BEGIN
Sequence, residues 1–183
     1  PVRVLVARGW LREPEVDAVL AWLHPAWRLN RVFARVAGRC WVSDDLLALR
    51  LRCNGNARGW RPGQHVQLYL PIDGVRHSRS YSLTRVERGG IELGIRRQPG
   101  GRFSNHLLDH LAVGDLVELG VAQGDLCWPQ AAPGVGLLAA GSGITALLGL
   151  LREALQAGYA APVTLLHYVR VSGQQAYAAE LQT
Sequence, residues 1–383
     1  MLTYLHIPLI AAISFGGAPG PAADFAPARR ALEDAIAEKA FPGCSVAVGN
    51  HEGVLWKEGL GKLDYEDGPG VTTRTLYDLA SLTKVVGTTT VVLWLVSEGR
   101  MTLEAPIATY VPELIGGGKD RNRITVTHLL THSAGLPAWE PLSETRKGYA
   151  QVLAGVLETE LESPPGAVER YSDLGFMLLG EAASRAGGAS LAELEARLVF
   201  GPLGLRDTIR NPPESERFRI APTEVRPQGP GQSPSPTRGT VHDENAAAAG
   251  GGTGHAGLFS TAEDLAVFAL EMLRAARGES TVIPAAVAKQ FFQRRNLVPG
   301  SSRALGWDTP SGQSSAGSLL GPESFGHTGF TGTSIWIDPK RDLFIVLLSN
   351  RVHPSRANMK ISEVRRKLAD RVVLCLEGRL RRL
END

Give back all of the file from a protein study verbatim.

Sequence, residues 1–183
     1  PVRVLVARGW LREPEVDAVL AWLHPAWRLN RVFARVAGRC WVSDDLLALR
    51  LRCNGNARGW RPGQHVQLYL PIDGVRHSRS YSLTRVERGG IELGIRRQPG
   101  GRFSNHLLDH LAVGDLVELG VAQGDLCWPQ AAPGVGLLAA GSGITALLGL
   151  LREALQAGYA APVTLLHYVR VSGQQAYAAE LQT
Sequence, residues 1–383
     1  MLTYLHIPLI AAISFGGAPG PAADFAPARR ALEDAIAEKA FPGCSVAVGN
    51  HEGVLWKEGL GKLDYEDGPG VTTRTLYDLA SLTKVVGTTT VVLWLVSEGR
   101  MTLEAPIATY VPELIGGGKD RNRITVTHLL THSAGLPAWE PLSETRKGYA
   151  QVLAGVLETE LESPPGAVER YSDLGFMLLG EAASRAGGAS LAELEARLVF
   201  GPLGLRDTIR NPPESERFRI APTEVRPQGP GQSPSPTRGT VHDENAAAAG
   251  GGTGHAGLFS TAEDLAVFAL EMLRAARGES TVIPAAVAKQ FFQRRNLVPG
   301  SSRALGWDTP SGQSSAGSLL GPESFGHTGF TGTSIWIDPK RDLFIVLLSN
   351  RVHPSRANMK ISEVRRKLAD RVVLCLEGRL RRL